Please allow me a second anecdote. This one concerns a school I attended in South Florida when I was a kid….


I’d just graduated from Bayview (public) Elementary School in a section of Fort Lauderdale known as ‘Coral Ridge,’ and I was now headed off to middle – or as we called it those days – junior high school.


I ended up, quite felicitously, going to what was then billed as an “experimental” school called ‘Nova’ just west of Fort Lauderdale in a little town called ‘Davie’ and right down the road from some obsolete gravel pits. It was one of a kind in the entire U. S. At the time I entered the 7th Grade, the school had only 7th – 10th, the plan being to add 11th and 12th over the next two years, then to start building back to kindergarten and eventually to build out to a university. In other words, kindergarten through graduate school, all on one campus.


What made the school “experimental” other than what I’ve just described as its future plans? Apart from state-of-the-art science labs and foreign language instruction in several languages, both ancient and modern, starting already at the 7th Grade level, no bells or buzzers to mark the start and end of class periods; carpeted hallways; college-like lecture halls for some of the Intro to XXX classes. And the most innovative and exciting thing of all? Every student could advance at his or her own pace in a given discipline. You could – as a motivated eleven- or twelve-year-old – find yourself sharing classroom space with high school seniors.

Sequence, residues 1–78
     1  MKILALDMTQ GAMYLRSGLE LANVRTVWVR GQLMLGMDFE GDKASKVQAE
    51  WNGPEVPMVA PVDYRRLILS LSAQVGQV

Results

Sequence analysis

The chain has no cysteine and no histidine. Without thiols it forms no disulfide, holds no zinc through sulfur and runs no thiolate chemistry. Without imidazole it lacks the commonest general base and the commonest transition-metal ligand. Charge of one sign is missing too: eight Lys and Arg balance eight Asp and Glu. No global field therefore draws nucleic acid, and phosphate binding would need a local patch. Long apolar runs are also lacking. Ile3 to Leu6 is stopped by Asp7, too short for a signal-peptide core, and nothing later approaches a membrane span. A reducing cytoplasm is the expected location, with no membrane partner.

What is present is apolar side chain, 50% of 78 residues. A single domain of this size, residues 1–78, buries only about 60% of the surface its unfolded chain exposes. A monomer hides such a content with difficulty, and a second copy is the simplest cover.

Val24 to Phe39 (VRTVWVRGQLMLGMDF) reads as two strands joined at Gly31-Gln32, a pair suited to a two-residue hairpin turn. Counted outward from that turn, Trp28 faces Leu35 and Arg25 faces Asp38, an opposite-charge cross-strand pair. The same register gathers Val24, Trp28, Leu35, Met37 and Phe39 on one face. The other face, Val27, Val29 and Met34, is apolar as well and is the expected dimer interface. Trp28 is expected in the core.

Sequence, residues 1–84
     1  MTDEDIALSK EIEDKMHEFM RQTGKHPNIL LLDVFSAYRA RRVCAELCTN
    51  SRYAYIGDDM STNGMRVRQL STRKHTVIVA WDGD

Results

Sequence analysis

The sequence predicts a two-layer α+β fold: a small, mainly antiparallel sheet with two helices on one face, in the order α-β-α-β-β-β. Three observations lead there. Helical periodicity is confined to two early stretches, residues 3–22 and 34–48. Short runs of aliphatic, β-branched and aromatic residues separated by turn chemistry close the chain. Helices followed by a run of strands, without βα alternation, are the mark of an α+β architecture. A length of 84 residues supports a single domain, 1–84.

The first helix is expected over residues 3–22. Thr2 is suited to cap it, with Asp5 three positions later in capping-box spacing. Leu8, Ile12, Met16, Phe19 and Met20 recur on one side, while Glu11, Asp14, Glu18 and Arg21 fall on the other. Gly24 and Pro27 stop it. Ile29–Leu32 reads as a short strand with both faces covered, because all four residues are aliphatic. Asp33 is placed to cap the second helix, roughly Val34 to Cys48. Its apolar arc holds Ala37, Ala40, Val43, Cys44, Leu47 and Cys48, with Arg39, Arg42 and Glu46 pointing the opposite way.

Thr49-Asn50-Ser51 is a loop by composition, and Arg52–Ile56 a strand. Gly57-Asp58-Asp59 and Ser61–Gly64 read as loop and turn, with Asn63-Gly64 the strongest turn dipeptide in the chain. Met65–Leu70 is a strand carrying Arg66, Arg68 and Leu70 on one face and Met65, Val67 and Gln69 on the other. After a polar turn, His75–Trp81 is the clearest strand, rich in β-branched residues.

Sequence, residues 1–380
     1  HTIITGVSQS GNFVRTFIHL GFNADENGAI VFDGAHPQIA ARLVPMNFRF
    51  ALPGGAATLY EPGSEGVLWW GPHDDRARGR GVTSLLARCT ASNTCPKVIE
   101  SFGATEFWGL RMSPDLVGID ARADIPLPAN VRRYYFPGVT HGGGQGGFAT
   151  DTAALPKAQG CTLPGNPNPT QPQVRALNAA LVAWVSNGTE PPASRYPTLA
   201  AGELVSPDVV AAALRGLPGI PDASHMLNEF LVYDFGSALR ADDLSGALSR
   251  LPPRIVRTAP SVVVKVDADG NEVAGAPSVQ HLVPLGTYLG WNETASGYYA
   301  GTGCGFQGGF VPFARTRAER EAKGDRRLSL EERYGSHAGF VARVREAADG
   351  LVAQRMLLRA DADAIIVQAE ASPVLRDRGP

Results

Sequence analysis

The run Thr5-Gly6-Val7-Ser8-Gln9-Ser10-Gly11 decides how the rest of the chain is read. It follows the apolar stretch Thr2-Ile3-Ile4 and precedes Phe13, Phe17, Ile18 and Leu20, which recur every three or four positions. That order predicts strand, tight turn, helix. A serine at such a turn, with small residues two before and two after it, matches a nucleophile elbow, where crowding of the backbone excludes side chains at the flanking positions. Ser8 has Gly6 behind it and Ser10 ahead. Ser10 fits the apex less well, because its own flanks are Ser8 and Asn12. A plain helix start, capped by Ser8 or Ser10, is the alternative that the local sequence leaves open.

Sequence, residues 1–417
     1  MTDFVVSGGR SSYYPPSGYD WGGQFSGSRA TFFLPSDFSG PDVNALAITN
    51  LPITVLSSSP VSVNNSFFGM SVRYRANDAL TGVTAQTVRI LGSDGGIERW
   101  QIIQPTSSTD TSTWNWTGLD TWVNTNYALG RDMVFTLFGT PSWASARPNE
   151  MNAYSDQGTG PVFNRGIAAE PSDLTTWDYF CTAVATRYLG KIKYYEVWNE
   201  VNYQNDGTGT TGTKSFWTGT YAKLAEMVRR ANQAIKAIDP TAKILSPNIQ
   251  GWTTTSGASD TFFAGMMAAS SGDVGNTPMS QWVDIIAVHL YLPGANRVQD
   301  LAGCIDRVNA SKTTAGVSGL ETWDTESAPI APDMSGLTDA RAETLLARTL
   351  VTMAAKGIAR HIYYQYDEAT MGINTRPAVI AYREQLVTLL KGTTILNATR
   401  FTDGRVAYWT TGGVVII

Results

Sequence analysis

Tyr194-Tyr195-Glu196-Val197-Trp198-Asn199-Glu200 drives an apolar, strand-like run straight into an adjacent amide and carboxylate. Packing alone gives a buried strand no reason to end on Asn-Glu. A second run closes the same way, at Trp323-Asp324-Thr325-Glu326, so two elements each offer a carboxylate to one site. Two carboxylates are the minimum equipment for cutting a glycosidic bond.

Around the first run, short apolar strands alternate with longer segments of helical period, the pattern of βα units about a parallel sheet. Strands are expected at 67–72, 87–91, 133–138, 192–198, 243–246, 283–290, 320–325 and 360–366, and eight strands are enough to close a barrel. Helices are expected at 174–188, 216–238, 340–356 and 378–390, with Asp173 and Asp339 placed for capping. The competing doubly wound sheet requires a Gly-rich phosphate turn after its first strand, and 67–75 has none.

In fact, many students went on to college at the age of fourteen or fifteen.


It was the happiest and most fulfilling year of my long academic career – and, I’d like to think, at least the germ of a start to my writing career.


My parents, for various reasons, pulled me out after one year and put me back into the public school system. Within short order, the annoying habit I’d developed at Nova of reading (rather than gabbing) while waiting in line in the lunchroom rendered me something of an apostate, but I wasn’t in school to win a popularity contest. Also within relatively short order, a science teacher put an end to my incessant questions by reminding me publicly “You’re not at Nova any longer. Rusty.”